Touched by the gesture, he slowly unwrapped the box and slid out a beautifully carved figure of Santa Clause in shiny silver. His bag of toys and red coat glittered in red rubies. Something was engraved at the base. He moved closer to study the words.

The Santa Clause of Starlight Bend.

He looked up, blinking away a strange sting in his eyes. “Thank you, Tom. It’s beautiful.”

“You’re welcome. We’re all grateful you chose this town to make your home in. We’ve all benefited from your business and friendship. Just wanted you to know that.”

Noah clapped him on the shoulder and they both gazed out at the happy, laughing crowd. A surge of peace and happiness hit him, knowing this was exactly where he belonged.

He had everything he’d ever wanted.


A week later, Noah stayed late to close up the bank, giving Cissy a chance to go home and spend an early evening with her son. He liked the quiet of the stately brick building after everyone left, and enjoyed cruising down Main Street when the streets were deserted and a winter hush settled over the town. Humming White Christmas under his breath, he finished up and locked the door, heading to his sleek black Hummer. He drove down Main Street, enjoying the blanket of thick white snow covering the pavements, the cheerful wreaths on the light posts, and the holiday displays in each of the store’s windows.

He was just passing the Sunflower Café when he noticed thick puffs of smoke pouring out of the side windows. His gut lurched, and he fumbled for his phone, quickly dialing 911. Throwing his gear into park, he jumped out of the vehicle and raced to the front door. With a firm jerk, it opened under his hand.

Why wasn’t it locked?

Trying to ignore the panic, he stepped inside and saw the kitchen in flames. The fire blazed in fury, beginning to travel quickly to the only route of escape. “Is anyone here?” he shouted at the top of his lungs.


As he retreated toward the door, back to safety, he heard moans.

Without hesitation, he ran toward the sound down the hallway, and found two teen boys huddled in the corner of the bathroom. They looked half unconscious, slumped almost into a fetal position. Thick smoke rolled into the room and strangled his lungs. Quickly, he dragged them to their feet and toward the small window at the end of the hall. He yanked it a few times before the creaky wood frame gave and fresh cold air poured in.

He shook the first boy’s shoulders, trying to get him to focus. Damnit, it was Todd Halpren and he was only seventeen. “Out the window!” he shouted, helping Todd over the sill. The crackle of flames entered the hallway and a sooty type blackness enwrapped them like a beckoning villain. Trying not to show his fear, he desperately turned to the second boy, who he recognized as Todd’s best friend, Scott. The heat was blistering, roaring up right behind him, and with fumbling fingers he managed to get Scott free of the window at the same time a terrible cracking sound exploded in the air.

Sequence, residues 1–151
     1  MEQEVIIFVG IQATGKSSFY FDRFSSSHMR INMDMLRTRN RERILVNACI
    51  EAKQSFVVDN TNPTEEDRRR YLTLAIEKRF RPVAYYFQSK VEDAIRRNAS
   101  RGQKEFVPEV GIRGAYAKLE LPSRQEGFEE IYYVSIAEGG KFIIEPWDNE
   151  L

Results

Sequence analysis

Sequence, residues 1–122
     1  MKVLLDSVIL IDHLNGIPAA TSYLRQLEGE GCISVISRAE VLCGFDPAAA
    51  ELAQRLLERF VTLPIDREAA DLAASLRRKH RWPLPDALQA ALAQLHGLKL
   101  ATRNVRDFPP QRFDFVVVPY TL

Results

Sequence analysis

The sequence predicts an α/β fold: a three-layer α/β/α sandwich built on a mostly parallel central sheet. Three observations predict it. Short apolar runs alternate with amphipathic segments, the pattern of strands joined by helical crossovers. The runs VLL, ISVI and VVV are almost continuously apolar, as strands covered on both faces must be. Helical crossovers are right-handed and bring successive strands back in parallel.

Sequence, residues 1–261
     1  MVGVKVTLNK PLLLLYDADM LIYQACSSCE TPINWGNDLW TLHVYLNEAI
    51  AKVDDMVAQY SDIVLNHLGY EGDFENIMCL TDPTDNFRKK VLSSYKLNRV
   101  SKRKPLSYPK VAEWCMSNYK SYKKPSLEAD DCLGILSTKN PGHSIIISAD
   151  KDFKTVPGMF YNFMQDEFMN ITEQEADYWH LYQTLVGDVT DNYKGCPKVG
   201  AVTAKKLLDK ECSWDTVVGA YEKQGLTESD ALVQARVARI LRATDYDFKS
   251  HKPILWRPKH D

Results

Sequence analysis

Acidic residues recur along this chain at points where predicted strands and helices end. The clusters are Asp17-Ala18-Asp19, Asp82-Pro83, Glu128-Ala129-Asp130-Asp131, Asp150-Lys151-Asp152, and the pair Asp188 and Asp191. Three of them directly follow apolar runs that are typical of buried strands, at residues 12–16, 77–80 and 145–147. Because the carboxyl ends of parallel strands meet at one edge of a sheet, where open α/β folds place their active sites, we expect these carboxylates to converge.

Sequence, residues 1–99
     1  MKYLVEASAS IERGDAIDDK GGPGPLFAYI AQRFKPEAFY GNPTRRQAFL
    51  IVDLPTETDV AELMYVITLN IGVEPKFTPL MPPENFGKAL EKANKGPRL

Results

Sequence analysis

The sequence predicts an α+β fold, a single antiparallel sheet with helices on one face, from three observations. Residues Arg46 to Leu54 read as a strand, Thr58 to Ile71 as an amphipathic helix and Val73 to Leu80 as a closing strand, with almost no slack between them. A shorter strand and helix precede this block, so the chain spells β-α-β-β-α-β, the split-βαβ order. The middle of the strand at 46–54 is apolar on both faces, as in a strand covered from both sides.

He looked back, just for an instant.

The last thing he saw was the beams of the ceiling crashing down on his head.

Then there was only blackness.


Noah stared sightlessly out of his one eye. His face was still wrapped up like a mummy, along with his hands, and the familiar blistering pain throbbed under his skin. The sterile hospital room held all the basics. It was a private room, but he’d learned another valuable lesson. It didn’t matter how luxurious a hospital suite was if it couldn’t fix him.

Money didn’t take away pain or turn monsters back into princes.

Money didn’t equal miracles.

Money bought the best surgeons who’d already let him know half of his face would never be normal. His ear was gone, along with his eye. His hands had a better shot at regaining full dexterity and the least amount of scar tissue. He was on his third surgery and pain was his constant companion, along with an aching emptiness in his gut.


He didn’t turn his head, but recognized Tom’s voice. Heard his footsteps as he came tentatively to stand beside him. Noah imagined the way he tried to hide his horror and his gaping stare at the man who’d he’s seen a few months ago at the holiday party. A man who’d once been whole and happy. A man who’d once had everything.

“What are you doing here?” he asked tonelessly.

Tom cleared his throat. Noah heard the scrape of the chair as it was dragged closer. “Checking up on you, of course. How did the latest surgery go?”


“I’m sorry, Noah. For everything.”

He didn’t respond. Just let the silence settle in the room. Noah had learned it was the best way to get rid of people. Silence was dreaded and avoided at all costs. The longer he allowed it to drag on, the faster his so-called visitors fled.

“Roslyn said you refused to see her.”

He acknowledged the blast of pain as emotional rather than physical, but he was too detached to really linger on it. After a while, they all bled into one another anyway. “Roslyn had a hard time looking at me. She was nervous and scared. She didn’t deserve to be put through this—it wasn’t what she signed up for.”